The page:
In the landmark case of Additional District Magistrate of Jabalpur v. Shiv Kant Shukla (1976)(“Habeas corpus case”), the Supreme Court held, by a majority of 4:1,that this writ can be suspended during times of National Emergency, permitting unrestricted powers of detention.

Background: After the end of the war with Pakistan in 1971, a National Emergency was declared in the following year to prevent further damage to the economy. Anyone who was considered to be a political threat and who was capable of stirring the minds of the people; such as Atal Bihari Vajpayee, Morarji Desai, Jay Prakash Narayan, etc; was immediately taken into custody without trial under the Prevention Detention Laws. The detained persons filed writ petitions in the High Court challenging this. Most of the High Courts ruled in favour of the Petitioners, which pressured the Indira Gandhi-led government to move the Supreme Court on this matter which resulted in the ‘habeas corpus case’ judgement.

This judgement has been subject to mass criticism and has been heavily condemned by one and all. Some have even called this as the “darkest day for Indian democracy”. This judgement is an outright and blatant violation of basic human rights and the right to protection of life, personal liberty and freedom of movement of the citizens.

Due to these reasons, the judgement was recently overruled by the Supreme Court, with Justice D. Y. Chandrachud stating that the verdict was “seriously flawed”. A statement was also made by Justice Sanjay Kishan Kaul saying that – “The ADM Jabalpur case was an aberration from the constitutional jurisprudence of our country and the desirability of burying the majority opinion ten fathom deep, with no chance of resurrection”.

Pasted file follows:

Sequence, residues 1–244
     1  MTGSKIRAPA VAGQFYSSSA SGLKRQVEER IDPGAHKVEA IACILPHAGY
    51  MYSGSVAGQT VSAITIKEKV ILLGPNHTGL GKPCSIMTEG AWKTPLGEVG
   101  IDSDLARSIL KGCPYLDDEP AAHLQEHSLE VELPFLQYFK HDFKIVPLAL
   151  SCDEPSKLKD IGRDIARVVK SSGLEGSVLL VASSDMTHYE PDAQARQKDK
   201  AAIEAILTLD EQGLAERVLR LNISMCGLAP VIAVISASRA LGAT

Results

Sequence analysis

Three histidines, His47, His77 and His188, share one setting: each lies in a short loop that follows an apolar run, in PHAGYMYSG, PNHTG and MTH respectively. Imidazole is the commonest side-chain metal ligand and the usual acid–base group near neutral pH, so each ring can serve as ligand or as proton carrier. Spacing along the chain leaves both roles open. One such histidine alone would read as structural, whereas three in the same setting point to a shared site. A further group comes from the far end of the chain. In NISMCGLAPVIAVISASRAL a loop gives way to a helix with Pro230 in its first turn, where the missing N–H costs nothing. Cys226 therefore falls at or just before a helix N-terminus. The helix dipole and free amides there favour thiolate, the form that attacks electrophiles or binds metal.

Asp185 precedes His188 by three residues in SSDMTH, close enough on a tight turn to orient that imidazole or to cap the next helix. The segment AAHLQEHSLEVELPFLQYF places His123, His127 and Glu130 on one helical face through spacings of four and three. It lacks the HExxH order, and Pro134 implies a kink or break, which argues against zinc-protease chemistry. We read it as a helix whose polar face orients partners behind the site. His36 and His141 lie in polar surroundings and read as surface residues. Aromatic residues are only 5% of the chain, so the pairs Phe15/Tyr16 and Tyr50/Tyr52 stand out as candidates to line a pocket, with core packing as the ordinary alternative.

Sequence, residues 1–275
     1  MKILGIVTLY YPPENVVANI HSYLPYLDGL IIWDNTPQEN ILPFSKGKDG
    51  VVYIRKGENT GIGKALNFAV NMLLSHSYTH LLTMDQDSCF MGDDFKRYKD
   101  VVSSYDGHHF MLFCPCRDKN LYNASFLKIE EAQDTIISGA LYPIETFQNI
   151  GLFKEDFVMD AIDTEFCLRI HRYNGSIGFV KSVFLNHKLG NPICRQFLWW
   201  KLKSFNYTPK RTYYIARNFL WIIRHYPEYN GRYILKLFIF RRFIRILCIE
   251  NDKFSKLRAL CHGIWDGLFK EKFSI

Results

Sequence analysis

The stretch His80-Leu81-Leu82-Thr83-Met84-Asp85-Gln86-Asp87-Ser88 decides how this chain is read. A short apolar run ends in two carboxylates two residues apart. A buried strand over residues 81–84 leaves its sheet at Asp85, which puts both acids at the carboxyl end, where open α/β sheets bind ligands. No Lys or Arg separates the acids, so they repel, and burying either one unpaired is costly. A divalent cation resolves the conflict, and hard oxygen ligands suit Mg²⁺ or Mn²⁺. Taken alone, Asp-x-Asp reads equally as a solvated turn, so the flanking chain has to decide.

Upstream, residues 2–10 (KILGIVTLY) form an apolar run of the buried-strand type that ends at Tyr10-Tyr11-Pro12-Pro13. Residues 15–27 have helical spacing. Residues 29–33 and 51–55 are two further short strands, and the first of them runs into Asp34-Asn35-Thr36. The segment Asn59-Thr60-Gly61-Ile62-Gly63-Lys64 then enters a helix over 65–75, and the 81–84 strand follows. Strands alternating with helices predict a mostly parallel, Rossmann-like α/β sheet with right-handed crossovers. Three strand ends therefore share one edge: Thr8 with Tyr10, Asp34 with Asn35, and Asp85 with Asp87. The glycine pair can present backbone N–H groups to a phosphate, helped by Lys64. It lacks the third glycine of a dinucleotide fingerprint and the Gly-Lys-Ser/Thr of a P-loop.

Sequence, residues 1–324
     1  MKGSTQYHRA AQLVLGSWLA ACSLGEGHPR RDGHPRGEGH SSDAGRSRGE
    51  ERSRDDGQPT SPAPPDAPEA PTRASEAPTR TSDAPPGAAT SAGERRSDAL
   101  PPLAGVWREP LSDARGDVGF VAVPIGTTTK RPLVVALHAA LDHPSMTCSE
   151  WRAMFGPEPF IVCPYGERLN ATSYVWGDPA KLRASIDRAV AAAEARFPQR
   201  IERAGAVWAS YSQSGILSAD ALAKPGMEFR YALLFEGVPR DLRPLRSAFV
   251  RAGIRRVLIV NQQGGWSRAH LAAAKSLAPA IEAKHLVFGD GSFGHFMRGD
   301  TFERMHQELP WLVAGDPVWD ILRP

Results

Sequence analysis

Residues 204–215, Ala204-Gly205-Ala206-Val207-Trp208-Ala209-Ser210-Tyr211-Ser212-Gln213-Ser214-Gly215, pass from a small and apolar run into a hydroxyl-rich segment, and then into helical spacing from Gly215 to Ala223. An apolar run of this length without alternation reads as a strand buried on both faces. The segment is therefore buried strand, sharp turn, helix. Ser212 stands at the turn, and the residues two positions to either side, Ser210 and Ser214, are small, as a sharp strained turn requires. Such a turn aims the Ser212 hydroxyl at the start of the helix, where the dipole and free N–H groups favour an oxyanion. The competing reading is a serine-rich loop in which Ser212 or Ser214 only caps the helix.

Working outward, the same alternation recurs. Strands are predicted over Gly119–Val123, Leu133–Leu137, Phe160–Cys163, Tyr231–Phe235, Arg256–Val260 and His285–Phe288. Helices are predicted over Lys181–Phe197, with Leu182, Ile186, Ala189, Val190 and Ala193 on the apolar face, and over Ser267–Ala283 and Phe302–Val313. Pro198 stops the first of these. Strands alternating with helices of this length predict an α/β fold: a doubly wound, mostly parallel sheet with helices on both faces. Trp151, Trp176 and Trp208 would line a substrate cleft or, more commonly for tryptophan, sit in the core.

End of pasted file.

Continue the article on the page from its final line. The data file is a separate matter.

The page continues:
(2) Mandamus

Mandamus literally means ‘we command’. This writ is issued against a person who has the legal right and legal duty to perform certain mandatory ministerial tasks but fails to carry them out during his tenure of holding a position in a public office. This writ generally covers the subordinate/ inferior officers and courts that are refusing to perform their jurisdiction. It is usually issued to a lower court or government officer by a higher court. It is used to ensure that the persons in power duly discharge their public duties and do not misuse their authority. This writ is not permitted to be issued against the President, Governors of states, private bodies, or individual parties.

In the peculiar case of The Praga Tools Corporation v. C. V. Imanual (1969) and Sohanlal v. Union of India (1957), the Supreme Court held that writ of mandamus may be issued against a private party if such a party is found to have conspired with a public authority. This according to me is a fair judgement as the private body is interfering in the discharge of public duty and can therefore be held liable when ministerial tasks affecting the public rights are not effectively observed.

(3) Prohibition

While mandamus mandates ‘rightful activity’, prohibition mandates ‘rightful inactivity’. This writ is issued by a superior court to an inferior/subordinate court directing it to examine or discontinue a proceeding that does not lie within its jurisdiction. It is used to prevent a lower court from exceeding its powers and opposing the rules of Natural Justice. The Supreme Court has even observed that the writ of prohibition can be issued in cases of excess jurisdiction as well as cases in which there is an absence of jurisdiction.

In the case of Bengal Immunity Co. Ltd. v. State of Bihar & Ors, the Supreme Court noted that when an inferior tribunal takes over jurisdiction which does not belong to it then such an act is not valid and the writ of prohibition must be issued on it as a right.

(4) Certiorari

Certiorari literally means ‘to be made certain; certified’. It is also known as the “quashing order”. It is issued by a superior court to an inferior/subordinate court to quash its decision when it exercises wrongful jurisdiction and gives its verdict on a matter in which it was not competent to do so and thereby violates its limits of jurisdiction. Certiorari can therefore be issued only after the declaration of the verdict. It can be issued against administrative, ministerial, judicial and quasi-judicial orders.